Therapy Hide and Seek has several choices. Students can simply work the putty to find hidden objects.
11.Hidden Bulbs Find and Sort
Or they can find the objects and sort them by color . . .
12.Hidden Bulbs Find, Sort, Graph, and Count
Or find, sort, graph and count the treasures, or in this case plastic bulbs, that they find.
13.Race To Fill Your Bulb
Differentiate this activity by providing different types of dice, numerals, dice in dice, 12 sided, 9 sided . .whatever you choose. Students roll and use tongs to place that many pompoms in their ornament.
14.Deck The Halls Ten Frame Self-correcting Cards: Counting Before and After
Fun little Dollar Tree ice trays take make numbers on a ten frame more engaging than ever. Add a pair of cheater chop sticks instead of tongs for moving manipulatives into the tray.
More self-correcting cards mean more independence for Morning Work. This activity uses ten frames and works on numbers before and after.
Open the card to see if you answered correctly.
15.Deck The Halls Ten Frame Self-correcting Cards: How Much More To Make 10?
Make it a bit more challenging by adding a ‘how many more to make 10’ card.
16.Ornaments Grab, Spin and Win
Working on greater and less is more fun with tongs and some mini ornaments. Just grab an ornament and read the number. Spin the spinner to see if the number that is greater or less is the winner.
17.Fill Your Sleigh Self-Correcting Cards(0-10)
More counting practice with Dollar Tree goodies.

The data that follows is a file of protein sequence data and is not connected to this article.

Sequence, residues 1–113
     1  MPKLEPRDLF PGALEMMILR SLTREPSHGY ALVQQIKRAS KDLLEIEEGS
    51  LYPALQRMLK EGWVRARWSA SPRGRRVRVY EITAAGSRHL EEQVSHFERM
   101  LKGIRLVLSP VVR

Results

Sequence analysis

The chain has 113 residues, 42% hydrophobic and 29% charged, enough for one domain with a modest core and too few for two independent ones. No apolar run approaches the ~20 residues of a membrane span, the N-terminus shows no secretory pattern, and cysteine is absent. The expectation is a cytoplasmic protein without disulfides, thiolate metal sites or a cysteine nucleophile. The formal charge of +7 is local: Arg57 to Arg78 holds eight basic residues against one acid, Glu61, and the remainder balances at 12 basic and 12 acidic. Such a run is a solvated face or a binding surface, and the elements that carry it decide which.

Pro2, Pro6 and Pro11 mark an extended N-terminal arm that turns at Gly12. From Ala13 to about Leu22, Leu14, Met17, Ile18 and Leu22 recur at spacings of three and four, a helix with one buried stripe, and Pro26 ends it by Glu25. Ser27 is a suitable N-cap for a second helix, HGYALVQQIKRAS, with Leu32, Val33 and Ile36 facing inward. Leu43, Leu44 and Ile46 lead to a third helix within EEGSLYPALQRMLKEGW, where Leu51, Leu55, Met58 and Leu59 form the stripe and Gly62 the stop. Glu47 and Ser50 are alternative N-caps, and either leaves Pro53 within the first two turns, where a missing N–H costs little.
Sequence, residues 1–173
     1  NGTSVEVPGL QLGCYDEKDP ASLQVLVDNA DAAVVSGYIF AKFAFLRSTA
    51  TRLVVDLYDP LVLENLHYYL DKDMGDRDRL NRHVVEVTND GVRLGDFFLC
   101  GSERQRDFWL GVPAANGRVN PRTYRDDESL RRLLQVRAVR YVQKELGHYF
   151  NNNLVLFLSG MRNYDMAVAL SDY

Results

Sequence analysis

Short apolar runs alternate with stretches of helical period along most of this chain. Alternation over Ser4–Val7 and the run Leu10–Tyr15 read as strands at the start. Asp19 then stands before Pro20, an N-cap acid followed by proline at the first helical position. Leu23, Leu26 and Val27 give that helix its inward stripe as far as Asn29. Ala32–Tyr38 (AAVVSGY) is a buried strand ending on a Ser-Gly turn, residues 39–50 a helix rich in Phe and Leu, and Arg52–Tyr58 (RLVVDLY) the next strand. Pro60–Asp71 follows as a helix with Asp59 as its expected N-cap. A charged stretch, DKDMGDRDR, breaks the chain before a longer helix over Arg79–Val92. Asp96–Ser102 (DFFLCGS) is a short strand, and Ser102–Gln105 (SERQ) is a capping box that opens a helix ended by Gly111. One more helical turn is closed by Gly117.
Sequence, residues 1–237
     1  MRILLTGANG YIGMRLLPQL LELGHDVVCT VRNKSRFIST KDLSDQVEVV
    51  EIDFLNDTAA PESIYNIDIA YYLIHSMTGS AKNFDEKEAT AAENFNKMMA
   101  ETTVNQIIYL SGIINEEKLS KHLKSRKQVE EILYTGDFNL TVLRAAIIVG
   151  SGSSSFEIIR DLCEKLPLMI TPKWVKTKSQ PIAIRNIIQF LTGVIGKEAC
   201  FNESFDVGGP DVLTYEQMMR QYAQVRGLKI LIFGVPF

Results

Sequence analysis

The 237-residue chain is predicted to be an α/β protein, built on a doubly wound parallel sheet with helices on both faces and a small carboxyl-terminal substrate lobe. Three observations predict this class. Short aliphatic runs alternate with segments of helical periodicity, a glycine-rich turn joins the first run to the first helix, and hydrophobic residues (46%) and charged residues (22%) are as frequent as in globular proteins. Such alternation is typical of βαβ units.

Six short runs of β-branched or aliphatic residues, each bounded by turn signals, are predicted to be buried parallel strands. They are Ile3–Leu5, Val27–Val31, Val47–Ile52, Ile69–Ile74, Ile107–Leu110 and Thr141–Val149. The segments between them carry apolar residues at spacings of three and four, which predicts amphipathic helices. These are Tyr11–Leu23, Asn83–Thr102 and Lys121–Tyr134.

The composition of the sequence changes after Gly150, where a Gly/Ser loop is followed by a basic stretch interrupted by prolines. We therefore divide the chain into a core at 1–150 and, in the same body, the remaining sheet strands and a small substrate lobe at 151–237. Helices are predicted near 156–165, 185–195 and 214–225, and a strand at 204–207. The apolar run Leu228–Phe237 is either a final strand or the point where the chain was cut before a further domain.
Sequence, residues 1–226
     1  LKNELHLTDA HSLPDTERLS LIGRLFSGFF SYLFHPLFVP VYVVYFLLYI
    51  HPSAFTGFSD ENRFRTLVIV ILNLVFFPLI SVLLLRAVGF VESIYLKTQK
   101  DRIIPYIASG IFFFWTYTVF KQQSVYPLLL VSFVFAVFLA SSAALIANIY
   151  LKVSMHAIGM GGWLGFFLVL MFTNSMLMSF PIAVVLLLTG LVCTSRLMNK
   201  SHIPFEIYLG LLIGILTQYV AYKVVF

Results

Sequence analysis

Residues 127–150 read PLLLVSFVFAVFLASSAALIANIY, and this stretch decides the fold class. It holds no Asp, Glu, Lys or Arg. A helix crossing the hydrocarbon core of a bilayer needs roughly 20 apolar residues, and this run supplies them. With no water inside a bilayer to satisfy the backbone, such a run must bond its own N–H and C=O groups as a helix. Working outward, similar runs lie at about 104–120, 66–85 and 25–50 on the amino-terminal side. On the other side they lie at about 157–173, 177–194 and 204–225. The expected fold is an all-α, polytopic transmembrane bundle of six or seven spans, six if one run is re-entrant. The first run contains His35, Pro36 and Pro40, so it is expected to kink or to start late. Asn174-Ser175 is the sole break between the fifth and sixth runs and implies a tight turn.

Make the number using tongs to move your ‘gifts.’
Open the self-correcting card to check the answer.
18.Decorate Your Tree With One More and One Less Self-Correcting Cards (0-20)
Get creative and use whatever you have handy (flat marbles, plastic bingo discs, stacking counters) to decorate your tree and record the numbers that come before and after.
19.Holiday Sticker Count
Any small sticker will do, but I love to pick up a couple of books of these thematic stickers.
The smaller the greater the challenge.
20.Gel Bead Sort
Whatever you call them, Orbez, Gel Beads, Water Beads . . . they are a ton of fun and are great for fine motor control.
Simply sort by color.
21.Gel Bead Roll and Win
. . . or make it a game and add a dice to challenge students to see who can fill their cookie cutter first.
22.Jingle All the Way Maze
I prefer to use Duplos for this activity, because it’s a first for my students, but they tend to pick the skill of making mazes up quickly. Add a jingle bell instead of a marble for a little added fun.
The secret to a great morning in kindergarten is no big secret…it’s really quite simple. Get them in the door with activities that are independent, engaging and keep them coming back day after day. Easy right? Right! Well maybe the idea is easy, but sometimes the activities, organization, and implementation can be a challenge. That’s where I come in. I believe in the power of morning work. I’ve seen the difference starting the morning with these activities has made in my classroom and in the attitudes of my students. Students are on time. They come in excited to ‘play.’ And when we do start the day, they are ready!
How It Works!
If you are new to my morning workstations, you can learn more about how I set them up and organize them in my classroom by checking out my blog post about Back To School Morning Work Stations HERE.
In addition to building on previous knowledge and familiar activities, one of my ‘must haves’ for keeping morning workstations independent is having a visual, in action ‘I Can’ sheet for each activity. It is a great way to give students a visual nudge in the right direction.
These are all the ones you’ll find included in November’s packet.